We’re going to do the same thing! We’re going to detect the length of the user’s input and use that to generate a “random” answer from the Magic 8 Ball.

But first, we need an array of options. I mean “array” literally — that is the term for a list-like data structure that can hold a variety of other items, like strings (“yes”, “no”) or numbers. We’re going to make an array of strings (words/phrases in quotes) to store the Magic 8 Ball’s potential answers.

Add this code along with the rest of your variables, above the event listener:

Right now, it’s a pretty simplistic Magic 8 Ball. We’ll flesh that out later.

Computers count starting at 0, so in order to access a “random” element from the array, we’re going to pick a number from 0–2 and retrieve the correspondingly numbered item from the array.

To do this, I’m going to calculate the length of the user’s input text and perform a modulus operation on it. Modulus operators return the remainder after division — for instance, 5 divided by 2 has a remainder of 1, so 5 mod 2 equals 1.

I want to calculate input.value.length mod options.length (the number of answers we have to choose from). This will result in a remainder that ranges from 0 to the last element of the options array. For our current array, it will result in a number from 0–2.

Make sure you declared your options array ABOVE your event listener. Move it now if you haven’t.

Now you can modify your event listener to calculate a “random” number and retrieve the appropriate answer from the options list:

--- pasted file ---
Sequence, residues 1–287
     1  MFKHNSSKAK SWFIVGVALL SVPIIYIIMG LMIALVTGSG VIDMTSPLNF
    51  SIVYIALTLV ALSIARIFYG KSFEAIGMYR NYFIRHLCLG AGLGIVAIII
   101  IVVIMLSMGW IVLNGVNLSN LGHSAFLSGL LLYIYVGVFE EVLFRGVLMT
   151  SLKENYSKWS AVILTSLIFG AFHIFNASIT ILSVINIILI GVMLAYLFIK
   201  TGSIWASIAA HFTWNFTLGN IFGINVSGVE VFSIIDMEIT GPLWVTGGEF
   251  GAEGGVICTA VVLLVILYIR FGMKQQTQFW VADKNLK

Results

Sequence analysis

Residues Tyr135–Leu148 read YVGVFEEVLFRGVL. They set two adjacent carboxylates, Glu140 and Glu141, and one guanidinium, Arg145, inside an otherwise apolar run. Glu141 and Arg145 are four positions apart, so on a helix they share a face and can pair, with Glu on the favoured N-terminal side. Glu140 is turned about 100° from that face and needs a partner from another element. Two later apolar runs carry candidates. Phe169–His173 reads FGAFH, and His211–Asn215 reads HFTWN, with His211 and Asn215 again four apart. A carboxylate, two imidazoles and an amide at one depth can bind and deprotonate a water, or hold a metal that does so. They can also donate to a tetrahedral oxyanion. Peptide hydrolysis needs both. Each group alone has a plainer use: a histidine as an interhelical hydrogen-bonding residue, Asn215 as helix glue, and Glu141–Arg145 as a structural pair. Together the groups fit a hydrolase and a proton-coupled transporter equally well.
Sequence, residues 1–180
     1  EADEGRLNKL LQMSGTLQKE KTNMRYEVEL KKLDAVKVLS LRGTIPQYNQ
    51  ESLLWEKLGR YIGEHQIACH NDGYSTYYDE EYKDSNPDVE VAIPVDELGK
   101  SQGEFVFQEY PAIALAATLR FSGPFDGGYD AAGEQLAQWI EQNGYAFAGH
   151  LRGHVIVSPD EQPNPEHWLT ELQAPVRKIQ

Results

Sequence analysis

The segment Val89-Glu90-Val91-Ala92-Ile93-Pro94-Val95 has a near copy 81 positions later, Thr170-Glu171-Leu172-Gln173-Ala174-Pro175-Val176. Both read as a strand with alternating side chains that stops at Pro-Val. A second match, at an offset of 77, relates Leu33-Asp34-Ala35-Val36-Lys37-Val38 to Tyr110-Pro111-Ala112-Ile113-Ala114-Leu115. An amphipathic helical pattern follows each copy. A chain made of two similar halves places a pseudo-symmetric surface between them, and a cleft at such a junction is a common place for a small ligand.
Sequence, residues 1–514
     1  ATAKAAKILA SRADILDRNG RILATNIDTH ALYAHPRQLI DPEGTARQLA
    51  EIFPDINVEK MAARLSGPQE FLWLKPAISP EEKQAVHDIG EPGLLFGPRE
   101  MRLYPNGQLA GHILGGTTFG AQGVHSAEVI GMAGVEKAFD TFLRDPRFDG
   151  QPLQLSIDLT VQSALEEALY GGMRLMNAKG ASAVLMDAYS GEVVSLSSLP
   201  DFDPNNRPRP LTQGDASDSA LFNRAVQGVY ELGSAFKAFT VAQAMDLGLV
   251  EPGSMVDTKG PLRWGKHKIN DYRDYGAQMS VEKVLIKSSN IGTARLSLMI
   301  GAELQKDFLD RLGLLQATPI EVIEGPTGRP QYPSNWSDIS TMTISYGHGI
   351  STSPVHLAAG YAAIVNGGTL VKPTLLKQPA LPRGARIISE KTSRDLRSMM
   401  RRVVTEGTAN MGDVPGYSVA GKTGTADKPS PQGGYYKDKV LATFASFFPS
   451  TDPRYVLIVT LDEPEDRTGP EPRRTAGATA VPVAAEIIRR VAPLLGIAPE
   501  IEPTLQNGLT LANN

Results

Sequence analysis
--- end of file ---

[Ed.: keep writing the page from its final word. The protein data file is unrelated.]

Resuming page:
Can you find the modulus operator? It looks like a percent sign: %. What variable is storing the “random” number generated by the modulus operation? (If you said num, you’re right!)

Also notice how we retrieved the element from the options array using brackets to specifically retrieve the element at the location of num (at this point, a location between 0–2).

Test out your Magic 8 Ball now. Is it saying “yes”, “no”, or “maybe”? Does it vary its answer when you type in different answers?

If it doesn’t, compare your code against the solution code or, if you’re feeling brave, pop open the JavaScript console.

If it’s working, congratulations on building a fully functional web app!

Writing the Magic 8 Ball answers

Now’s the fun part — supply all the different answers for the Magic 8 Ball! You can write your own totally crazy answers, wacky fortunes, or just take all the default Magic 8 Ball answers like I did:

Make sure all your answers are surrounded by quotation marks, and that you separate your answers with commas that are outside of the quotation marks. Computers get very confused when all the syntax isn’t exactly as they want it.

Happy coding!

Make the Magic 8 Ball your own

Kelly Lougheed

Written by

Software developer & educator